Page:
IAC rules in favour of Singapore Refinery Company in pay dispute with staff
The Industrial Arbitration Court (IAC) has ruled in favour of Singapore Refining Company (SRC), in an 18-month dispute over salary structure and service increments between the company and its staff.
The judgment for the Singapore Refining Company Employees' Union (SRCEU) case was delivered by the President of the IAC, Chan Seng Onn, on Friday.
The union wanted service increments for 2011 to increase by 5.5 per cent and an additional S$38.
The IAC decided on 5 per cent plus $15.
As for the salary range increase, the union asked for an increase of 5 per cent.
The IAC ruled that the increase will be 3 per cent.
However, the IAC ruled in favour of locking in 6.5 months bonus as a fixed component for the total annual package of SRC workers, even though it did not order the base wage to increase as submitted by the union during the hearings.
For the union, this means greater clarity in the size of the bonus for rank and file workers, in both good and bad times.
In addition to this 6.5 months, workers are still entitled to a variable bonus opportunity of up to another 6 months.
The IAC supported the union's submission to have more fixed and less variability for rank and file workers.
It also affirmed to give the workers who have reached the ceiling the entire amount of the increment for the year in the form of a one-off lump sum payment.
Mr Patrick Tay, Director of Legal Services Department of the National Trades Union Congress expressed disappointment with the IAC decision on the increment amount and salary range increase.
But he said the fixing of 6.5 months (Annual Wage Supplmemt inclusive) into the workers' fixed annual package is a great win.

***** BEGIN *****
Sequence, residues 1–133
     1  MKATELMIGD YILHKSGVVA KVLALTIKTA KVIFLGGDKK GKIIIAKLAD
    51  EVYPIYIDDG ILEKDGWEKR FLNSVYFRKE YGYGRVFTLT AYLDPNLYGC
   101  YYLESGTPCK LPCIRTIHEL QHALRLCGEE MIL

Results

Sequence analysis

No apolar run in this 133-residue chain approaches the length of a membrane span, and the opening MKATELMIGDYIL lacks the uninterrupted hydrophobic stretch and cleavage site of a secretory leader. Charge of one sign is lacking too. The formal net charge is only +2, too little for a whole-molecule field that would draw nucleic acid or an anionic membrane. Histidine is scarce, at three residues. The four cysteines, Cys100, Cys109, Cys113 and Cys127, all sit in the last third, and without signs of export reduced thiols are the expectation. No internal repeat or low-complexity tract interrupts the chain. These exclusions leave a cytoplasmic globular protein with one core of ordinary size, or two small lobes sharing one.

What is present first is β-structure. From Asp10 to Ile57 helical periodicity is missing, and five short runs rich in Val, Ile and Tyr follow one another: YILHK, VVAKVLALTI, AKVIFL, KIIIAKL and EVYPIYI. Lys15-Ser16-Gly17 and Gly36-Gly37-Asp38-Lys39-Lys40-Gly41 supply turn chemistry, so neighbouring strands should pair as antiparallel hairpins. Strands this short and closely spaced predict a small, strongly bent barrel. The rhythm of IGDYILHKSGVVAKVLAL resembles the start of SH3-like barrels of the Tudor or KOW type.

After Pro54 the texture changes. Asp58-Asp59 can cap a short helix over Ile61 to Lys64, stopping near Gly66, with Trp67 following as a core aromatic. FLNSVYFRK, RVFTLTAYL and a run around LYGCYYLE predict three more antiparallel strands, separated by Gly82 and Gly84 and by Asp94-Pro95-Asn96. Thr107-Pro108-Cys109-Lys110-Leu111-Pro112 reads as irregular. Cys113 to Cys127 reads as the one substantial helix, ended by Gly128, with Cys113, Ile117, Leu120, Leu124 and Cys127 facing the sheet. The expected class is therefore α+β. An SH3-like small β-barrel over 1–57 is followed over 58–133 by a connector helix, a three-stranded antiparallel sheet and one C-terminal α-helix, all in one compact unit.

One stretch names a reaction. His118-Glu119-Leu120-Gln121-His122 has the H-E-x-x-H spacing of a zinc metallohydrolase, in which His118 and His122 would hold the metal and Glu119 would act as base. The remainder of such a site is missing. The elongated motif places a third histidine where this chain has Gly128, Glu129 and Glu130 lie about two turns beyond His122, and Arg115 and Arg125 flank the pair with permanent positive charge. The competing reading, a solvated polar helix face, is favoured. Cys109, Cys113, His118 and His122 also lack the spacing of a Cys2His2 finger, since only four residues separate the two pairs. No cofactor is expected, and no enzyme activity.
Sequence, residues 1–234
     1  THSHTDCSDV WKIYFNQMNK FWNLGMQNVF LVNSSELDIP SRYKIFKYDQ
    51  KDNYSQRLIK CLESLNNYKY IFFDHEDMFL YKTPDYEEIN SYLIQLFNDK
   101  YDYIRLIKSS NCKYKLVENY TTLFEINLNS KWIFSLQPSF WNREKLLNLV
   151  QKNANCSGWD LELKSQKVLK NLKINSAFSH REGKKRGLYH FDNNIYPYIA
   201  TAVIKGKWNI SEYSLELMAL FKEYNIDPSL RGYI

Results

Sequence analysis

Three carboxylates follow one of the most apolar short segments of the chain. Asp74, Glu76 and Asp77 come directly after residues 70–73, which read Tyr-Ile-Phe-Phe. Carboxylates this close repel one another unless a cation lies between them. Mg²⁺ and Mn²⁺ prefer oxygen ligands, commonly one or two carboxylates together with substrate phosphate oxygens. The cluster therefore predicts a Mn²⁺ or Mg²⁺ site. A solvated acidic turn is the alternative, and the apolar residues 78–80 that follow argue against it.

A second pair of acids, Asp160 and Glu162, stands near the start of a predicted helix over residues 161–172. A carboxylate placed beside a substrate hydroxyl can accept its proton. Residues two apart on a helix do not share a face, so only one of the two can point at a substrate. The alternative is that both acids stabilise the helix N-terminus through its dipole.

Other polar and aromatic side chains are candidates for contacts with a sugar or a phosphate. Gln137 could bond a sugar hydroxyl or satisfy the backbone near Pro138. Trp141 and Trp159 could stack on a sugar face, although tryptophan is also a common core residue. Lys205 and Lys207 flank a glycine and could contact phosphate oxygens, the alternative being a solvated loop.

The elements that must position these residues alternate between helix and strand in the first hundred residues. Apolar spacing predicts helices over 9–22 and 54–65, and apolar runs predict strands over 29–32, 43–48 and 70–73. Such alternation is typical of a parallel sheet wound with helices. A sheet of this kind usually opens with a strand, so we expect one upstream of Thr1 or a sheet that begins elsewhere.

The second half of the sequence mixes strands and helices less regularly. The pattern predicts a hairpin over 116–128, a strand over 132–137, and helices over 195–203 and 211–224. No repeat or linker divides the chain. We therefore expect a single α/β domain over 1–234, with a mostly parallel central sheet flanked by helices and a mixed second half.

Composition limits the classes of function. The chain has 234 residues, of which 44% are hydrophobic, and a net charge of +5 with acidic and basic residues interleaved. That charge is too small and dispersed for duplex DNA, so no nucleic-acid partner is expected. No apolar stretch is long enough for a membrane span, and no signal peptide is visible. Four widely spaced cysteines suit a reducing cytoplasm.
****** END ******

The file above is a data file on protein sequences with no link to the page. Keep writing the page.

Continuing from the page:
He described it as a strong signal to other companies to bear in mind the imperative to maintain a higher fixed portion (70 per cent fixed, 20 per cent variable and 10 per cent monthly variable) for the Rank and file workers.
Workers are also entitled to a variable bonus opportunity of up to 6 months.
Mr Tay said another positive outcome is the ruling to pay out in the form of a once-off lump sum (the entire increment package) of those who reached the salary ceiling, with some 28 per cent affected if nothing was done.
He said this case also highlights the need for companies to work closely with their unions and be transparent and open in sharing information so that there'll be greater trust and collaboration between union and management.
General Secretary of SRCEU, Mr Nicholas Loke, said the union is disappointed with the ruling as a whole.
He said SRCEU, which represents about 300 employees, is greatly concerned with the transparency between the company and the union.
"The company claims that the total compensation policy is fair and generous, but this is not easily verifiable to the Union and its members as there is no open sharing of information. The company seems to keep withholding data and information and this in turn prevents the union from paying a bigger role in collective bargaining with regards to wage increase and bonus payments. The company needs to be more forthcoming in its wage negotiations with the Union, and cannot go about conducting industrial relations as a whole unilaterally and arbitrarily by keep the Union out the planning and decision making process," he said.
"The company has won this case, but it is fast losing the hearts of the workers," he said.
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